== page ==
Ansarullah movement: Saudi regime-led forces bogged down outside Hudaydah

June 26, 2018 - 17:5

Yemen's Ansarullah (Houthi) movement fighters have dismissed reports that the Saudi regime-led forces have seized the airport in the port city of Hudaydah, saying the aggressors are on the retreat on all front lines.

Militants and foreign mercenaries armed by the House of Saud regime and the United Arab Emirates (UAE) are attempting to capture the well-defended city and push the Ansarullah out of their sole Red Sea port in the biggest battle of the war.

“A battle of attrition awaits the Saudi alliance which it cannot withstand. The Saudi coalition will not win the battle in Hudaydah,” Ansarullah spokesman Mohammed Abdulsalam told Lebanon-based al-Mayadeen TV.

The House of Saud regime on Sunday conducted airstrikes on the airport, to support forces attempting to seize it. The official SABA news agency said warplanes carried out five strikes on Hudaydah - a lifeline to millions of Yemenis.

Ground troops including Emiratis, Sudanese and Yemenis have surrounded the main airport compound.

Mohammed al-Sharif, deputy head of Yemen's civil aviation, said images circulated online about the airport had been taken in October 2016.

A fence shown as proof of the airport's capture is actually situated near the al-Durayhimi district, on a piece of land belonging to a Yemeni lawmaker, the official Saba news agency quoted him as saying.

Ahmed Taresh, the head of Hudaydah airport, also denied news of the airport's capture, but said that it has been completely destroyed in airstrikes conducted by the Saudi-led coalition.

Abdulsalam warned that the Saudi regime-UAE offensive against the port city would undermine chances for a peaceful settlement of the Yemen crisis.

The rebuttals came after the media office of the Saudi regime-backed Yemeni forces loyal to ex-president Abd Rabbuh Mansur Hadi said on Twitter that they had “freed Hudaydah international airport from the grip of” the Ansarullah.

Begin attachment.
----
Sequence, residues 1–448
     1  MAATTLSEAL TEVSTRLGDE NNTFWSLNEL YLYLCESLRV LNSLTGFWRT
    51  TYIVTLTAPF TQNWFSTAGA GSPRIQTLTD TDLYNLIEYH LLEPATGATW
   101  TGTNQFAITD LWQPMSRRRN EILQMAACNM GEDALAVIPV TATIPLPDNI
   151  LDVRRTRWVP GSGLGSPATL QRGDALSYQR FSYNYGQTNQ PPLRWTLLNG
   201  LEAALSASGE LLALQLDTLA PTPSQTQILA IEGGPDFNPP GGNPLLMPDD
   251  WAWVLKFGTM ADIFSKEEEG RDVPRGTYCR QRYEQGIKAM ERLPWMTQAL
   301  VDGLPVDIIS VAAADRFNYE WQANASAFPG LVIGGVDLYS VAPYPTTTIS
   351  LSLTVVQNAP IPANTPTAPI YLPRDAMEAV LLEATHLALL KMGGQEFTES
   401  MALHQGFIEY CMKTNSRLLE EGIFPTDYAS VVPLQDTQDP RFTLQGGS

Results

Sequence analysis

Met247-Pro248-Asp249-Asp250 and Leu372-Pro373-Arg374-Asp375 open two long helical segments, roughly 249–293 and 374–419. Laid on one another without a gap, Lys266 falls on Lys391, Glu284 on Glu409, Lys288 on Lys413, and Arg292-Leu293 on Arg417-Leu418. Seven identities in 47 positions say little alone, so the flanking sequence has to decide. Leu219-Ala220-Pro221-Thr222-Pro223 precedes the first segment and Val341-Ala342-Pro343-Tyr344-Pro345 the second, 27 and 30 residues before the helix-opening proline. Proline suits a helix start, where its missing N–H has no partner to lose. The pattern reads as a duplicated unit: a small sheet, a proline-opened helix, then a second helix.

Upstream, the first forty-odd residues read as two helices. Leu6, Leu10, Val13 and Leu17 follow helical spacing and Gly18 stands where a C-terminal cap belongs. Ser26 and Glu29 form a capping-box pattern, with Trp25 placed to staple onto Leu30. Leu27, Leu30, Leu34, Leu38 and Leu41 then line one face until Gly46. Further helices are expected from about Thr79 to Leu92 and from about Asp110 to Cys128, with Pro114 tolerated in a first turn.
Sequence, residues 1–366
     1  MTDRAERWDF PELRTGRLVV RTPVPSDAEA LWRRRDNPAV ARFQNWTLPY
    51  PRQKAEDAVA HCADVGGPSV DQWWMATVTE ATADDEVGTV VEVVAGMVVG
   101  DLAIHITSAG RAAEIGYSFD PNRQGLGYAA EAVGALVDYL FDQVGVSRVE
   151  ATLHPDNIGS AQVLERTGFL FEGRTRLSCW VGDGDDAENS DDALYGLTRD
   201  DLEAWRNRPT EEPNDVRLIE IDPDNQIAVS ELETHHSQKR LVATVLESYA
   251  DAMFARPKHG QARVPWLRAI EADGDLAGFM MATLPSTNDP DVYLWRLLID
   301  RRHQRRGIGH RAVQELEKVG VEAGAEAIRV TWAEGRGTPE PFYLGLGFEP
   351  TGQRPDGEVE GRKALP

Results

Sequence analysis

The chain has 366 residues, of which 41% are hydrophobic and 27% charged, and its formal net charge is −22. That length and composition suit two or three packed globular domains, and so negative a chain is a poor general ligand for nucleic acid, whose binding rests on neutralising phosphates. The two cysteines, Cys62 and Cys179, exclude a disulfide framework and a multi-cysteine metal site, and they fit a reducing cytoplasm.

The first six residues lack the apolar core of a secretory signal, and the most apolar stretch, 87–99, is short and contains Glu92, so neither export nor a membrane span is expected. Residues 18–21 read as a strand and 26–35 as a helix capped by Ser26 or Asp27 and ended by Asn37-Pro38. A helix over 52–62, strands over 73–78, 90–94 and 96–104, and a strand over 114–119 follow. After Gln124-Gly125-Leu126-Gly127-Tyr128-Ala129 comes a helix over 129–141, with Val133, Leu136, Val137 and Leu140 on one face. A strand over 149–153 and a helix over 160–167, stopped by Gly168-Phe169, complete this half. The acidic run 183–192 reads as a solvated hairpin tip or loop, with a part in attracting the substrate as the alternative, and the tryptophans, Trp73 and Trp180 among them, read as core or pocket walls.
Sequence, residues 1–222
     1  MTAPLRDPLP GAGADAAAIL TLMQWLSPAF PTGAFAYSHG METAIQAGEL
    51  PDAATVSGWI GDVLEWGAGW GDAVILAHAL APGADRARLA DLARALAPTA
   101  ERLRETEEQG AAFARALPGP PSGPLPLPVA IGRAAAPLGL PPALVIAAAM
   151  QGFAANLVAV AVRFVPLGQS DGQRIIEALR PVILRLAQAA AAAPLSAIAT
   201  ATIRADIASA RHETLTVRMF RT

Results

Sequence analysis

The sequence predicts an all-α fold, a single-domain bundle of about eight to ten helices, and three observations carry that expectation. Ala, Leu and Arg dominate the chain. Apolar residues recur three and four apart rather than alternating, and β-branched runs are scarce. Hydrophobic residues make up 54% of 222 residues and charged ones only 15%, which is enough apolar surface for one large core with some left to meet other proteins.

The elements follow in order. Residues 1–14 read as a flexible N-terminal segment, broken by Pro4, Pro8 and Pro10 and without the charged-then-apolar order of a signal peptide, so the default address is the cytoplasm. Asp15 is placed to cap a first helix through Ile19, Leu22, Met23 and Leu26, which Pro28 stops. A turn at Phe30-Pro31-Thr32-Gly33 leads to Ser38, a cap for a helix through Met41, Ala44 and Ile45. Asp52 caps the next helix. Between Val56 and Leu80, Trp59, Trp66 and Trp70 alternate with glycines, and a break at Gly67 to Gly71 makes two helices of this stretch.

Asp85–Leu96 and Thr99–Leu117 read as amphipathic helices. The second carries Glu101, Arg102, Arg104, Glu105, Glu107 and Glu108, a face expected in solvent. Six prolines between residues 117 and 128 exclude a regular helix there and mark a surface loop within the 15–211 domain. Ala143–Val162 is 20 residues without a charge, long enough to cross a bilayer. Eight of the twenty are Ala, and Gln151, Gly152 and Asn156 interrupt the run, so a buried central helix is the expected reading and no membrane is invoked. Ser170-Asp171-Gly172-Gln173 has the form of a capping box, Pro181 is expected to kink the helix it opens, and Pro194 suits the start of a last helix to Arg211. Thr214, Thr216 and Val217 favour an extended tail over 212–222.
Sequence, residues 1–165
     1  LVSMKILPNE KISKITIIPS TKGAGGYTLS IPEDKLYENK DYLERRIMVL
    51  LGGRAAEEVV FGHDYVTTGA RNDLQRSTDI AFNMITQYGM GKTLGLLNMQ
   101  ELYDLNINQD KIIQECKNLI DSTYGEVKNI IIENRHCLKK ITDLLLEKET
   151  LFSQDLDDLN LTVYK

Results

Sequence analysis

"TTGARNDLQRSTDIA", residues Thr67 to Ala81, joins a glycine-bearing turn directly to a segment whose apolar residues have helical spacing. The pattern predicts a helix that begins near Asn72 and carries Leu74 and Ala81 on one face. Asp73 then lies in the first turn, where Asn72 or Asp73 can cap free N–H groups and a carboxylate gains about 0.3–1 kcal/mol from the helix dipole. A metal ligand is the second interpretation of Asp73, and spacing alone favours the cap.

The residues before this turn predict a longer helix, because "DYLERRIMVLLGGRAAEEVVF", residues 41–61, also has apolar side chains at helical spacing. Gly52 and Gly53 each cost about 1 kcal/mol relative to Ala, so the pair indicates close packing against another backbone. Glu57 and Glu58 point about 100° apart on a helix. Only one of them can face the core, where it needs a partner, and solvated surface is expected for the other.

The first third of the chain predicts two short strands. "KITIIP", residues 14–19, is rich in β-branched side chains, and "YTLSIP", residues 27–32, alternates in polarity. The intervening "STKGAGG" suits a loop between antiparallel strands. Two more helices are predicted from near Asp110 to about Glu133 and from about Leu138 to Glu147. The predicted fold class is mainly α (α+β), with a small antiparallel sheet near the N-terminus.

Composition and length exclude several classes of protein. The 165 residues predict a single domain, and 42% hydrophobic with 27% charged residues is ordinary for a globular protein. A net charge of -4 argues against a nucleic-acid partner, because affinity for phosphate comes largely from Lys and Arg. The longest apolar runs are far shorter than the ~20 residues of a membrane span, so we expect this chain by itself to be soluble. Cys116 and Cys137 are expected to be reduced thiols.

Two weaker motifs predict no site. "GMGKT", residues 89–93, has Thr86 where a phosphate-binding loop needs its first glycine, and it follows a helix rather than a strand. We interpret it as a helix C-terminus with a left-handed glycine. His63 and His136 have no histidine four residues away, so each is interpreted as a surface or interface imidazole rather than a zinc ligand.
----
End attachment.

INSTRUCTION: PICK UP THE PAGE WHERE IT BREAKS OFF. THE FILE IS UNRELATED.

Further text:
Reports on Sunday said the Saudi regime-backed forces had been surrounded in the al-Durayhimi Bayt al-Faqih district and at least 40 Saudi regime mercenaries killed by Yemeni sniper fire over the past two days.

 Al-Mayadeen, meanwhile, cited informed sources as saying that the invading forces had retreated from all fronts in Hudaydah's west.

A Yemeni military source said clashes had left 50 Saudi regime-backed forces dead and destroyed 13 of their armored vehicles in southern Hudaydah.

Yemeni forces have also managed to confiscate a French or American ship off Hudaydah's coast, president of the Ansarullah (Houthi) Revolutionary Committee Mohammed Ali al-Houthi tweeted.

The UAE, a key member of the Saudi regime-led coalition waging the war on Yemen, launched the Hudaydah assault on Wednesday despite warnings that it would compound the impoverished nation's humanitarian crisis.

Le Figaro newspaper on Saturday reported that French Special Forces were present on the ground in Yemen supporting the operation.
France, along with the United States and Britain, backs the Saudi regime in the Yemen conflict and provides weapons to both Saudi Arabia and the United Arab Emirates.
According to the Ansarullah, British and French warships were also on standby on Yemen's western coast to launch missile and aerial attacks on Hudaydah.